Regardless of whether school leaders feel excited or troubled about artificial intelligence (or somewhere in between), they hold a critical responsibility: to ensure AI is approached thoughtfully and appropriately in our schools. In the wake of repeated calls for guidance, our respective organisations recently collaborated on a brief guide to help leaders get to grips with it and lead their schools through the current technological revolution.
What it is and what it isn’t
AI is a branch of computer science aimed at creating machines that mimic human intelligence. It’s used to perform tasks that usually require human thought, like understanding language, recognizing patterns or making decisions. It uses a base of information (often a very large base) combined with algorithms to perform these tasks.
AI is an increasingly powerful tool, but it is not magic. Understanding how it works is critical for educators who have the dual responsibility of using AI-enabled tools in teaching and learning, and teaching students about the positive, ethical use and creation of AI in their own lives.
Perhaps more importantly, AI is not human intelligence. It does not possess emotions, consciousness or inherent ethical judgement. It is not ‘thinking’ in the same way a human does, nor assessing right from wrong. In the case of generative AI, we see this most starkly in the technology’s widely reported ‘hallucinations’.
School leaders are not alone in finding themselves a little adrift with AI, and it might feel tempting to ignore it until you have more time or more resources. But it simply cannot be ignored: many students and teachers are already using it.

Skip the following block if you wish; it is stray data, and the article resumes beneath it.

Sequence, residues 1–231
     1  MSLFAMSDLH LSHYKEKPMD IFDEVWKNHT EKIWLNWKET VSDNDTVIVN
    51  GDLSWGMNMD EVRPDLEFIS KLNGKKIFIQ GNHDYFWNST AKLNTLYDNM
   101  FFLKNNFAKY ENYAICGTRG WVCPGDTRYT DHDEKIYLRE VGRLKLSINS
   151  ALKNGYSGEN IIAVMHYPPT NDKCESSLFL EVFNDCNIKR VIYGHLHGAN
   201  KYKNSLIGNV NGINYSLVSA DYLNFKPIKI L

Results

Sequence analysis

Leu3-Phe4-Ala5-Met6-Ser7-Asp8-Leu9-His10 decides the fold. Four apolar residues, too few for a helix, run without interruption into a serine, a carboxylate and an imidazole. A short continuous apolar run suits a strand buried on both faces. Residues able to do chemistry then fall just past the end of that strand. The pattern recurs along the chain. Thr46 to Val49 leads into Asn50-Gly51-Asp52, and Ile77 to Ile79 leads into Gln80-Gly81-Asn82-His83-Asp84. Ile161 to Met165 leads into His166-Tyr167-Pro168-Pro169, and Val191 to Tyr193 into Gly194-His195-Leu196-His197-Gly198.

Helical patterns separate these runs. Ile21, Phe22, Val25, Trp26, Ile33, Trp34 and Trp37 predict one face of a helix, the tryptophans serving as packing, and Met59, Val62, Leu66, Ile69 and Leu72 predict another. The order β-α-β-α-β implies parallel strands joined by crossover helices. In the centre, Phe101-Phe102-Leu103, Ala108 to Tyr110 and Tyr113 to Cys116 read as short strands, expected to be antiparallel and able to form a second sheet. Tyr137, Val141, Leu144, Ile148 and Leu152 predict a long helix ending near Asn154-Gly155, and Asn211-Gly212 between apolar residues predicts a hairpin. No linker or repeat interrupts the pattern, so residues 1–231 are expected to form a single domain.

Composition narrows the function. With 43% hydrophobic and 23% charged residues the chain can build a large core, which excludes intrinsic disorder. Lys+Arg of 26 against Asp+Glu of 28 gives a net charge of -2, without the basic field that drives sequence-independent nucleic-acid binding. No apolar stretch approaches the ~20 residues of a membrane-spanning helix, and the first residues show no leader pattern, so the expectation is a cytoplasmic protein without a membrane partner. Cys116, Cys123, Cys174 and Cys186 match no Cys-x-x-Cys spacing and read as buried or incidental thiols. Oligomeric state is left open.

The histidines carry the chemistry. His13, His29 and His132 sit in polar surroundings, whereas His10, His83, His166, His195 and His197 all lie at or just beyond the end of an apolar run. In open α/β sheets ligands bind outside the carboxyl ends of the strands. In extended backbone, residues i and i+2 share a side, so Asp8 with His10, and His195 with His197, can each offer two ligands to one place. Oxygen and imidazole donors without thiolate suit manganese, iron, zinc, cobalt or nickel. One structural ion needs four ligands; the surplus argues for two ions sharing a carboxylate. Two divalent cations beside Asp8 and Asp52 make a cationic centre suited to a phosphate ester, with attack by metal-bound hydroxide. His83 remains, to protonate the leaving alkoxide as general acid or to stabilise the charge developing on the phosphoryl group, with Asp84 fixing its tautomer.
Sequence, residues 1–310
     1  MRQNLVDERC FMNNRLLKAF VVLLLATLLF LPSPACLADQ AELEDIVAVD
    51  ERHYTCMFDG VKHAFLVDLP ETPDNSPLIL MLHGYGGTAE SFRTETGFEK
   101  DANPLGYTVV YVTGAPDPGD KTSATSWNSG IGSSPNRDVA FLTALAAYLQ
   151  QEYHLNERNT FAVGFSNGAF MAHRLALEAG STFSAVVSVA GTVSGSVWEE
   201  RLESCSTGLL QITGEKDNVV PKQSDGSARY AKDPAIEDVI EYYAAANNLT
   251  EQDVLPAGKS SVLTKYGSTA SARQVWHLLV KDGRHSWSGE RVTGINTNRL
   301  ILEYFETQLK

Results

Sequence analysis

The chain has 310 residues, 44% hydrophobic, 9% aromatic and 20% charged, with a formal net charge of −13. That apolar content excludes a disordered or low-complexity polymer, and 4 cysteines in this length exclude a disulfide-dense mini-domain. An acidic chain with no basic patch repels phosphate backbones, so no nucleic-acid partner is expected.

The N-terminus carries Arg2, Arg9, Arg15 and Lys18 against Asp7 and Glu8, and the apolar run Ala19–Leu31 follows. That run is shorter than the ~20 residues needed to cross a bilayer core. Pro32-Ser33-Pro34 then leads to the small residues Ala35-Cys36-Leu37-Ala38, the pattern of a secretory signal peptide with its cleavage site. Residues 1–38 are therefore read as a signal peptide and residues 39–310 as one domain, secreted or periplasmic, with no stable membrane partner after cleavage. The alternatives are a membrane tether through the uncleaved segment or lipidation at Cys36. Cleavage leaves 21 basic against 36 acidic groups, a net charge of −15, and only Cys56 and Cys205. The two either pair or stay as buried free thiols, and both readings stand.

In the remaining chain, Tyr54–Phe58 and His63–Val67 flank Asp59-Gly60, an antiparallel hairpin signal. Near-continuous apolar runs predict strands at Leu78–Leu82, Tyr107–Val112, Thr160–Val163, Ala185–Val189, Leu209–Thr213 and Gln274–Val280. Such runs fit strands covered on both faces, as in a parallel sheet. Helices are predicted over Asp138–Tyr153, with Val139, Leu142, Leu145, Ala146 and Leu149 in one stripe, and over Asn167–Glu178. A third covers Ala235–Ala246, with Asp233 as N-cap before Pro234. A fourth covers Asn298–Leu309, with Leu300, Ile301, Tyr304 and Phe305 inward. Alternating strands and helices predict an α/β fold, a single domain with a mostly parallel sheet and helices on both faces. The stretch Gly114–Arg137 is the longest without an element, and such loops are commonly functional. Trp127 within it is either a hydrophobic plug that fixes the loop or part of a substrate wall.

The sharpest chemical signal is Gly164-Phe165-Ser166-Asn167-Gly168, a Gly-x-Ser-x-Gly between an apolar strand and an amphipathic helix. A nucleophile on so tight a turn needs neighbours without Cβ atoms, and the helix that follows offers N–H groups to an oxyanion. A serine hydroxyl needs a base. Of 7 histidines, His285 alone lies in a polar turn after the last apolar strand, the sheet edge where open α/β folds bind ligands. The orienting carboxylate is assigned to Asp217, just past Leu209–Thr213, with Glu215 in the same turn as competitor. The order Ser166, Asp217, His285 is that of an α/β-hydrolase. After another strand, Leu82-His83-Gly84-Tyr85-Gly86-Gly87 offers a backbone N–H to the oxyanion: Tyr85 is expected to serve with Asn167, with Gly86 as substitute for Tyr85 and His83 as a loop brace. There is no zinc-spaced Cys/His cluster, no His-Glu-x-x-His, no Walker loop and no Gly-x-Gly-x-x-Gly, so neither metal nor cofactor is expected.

Having said that, it’s important to avoid knee-jerk reactions. For example, anti-cheating tools which supposedly identify AI-created writing have proven notoriously unreliable and discriminatory to non-native English speakers.
Further, a wholesale overhaul of curriculum is inadvisable right now. Too much is unknown about how AI will impact jobs and skills, and the situation is moving quickly. However, it would be wise to consider how you’re embedding digital citizenship and computational thinking within your current curriculum to help students navigate present and future technologies.
In addition, there are three key actions you can take right now to prepare yourself and your school to learn and develop in the AI era.
One of the most important things you can do is to learn more about it, conceptually and practically. There’s a variety of courses, newsletters and discussion communities appearing, including some spearheaded by our organisations (TDT and ISTE). You might set up a learning group, perhaps with your school leadership team or a group of school leaders, including board members or governors.
It’s likely that AI is sparking strong feelings of excitement, fear and confusion among your staff. Make space for educators to discuss and play out scenarios, perhaps by involving teachers in a series of discussions exploring the pros and cons of various uses of AI at your school.
For example, you might discuss ways you could teach students about using generative AI and other technologies for good. What might be the limitations and risks they would need to take account of, even when using technology with positive intention? What would be the implications for the ways that your staff would need to learn about the technology themselves?
Alongside a space for discussion, it’s useful for staff to have a chance to experience thecapabilities and limitations of AI tools. As a school leader, you can encourage exploration of AI by staff in order to gain first-hand experience using the technology. You might ask your research or technology lead to organise a ‘sandbox’ exercise where colleagues can have a go with one or more of the emerging generative AI tools.
Our guidance document, Understanding AI For School: Tips For School Leaders includes an illustrative list of generative AI tools, and a more in-depth FAQ about the use of AI in schools.
We hope it’ll help the sector feel a little less daunted and better equipped to chart a course through this new wave of technological disruption.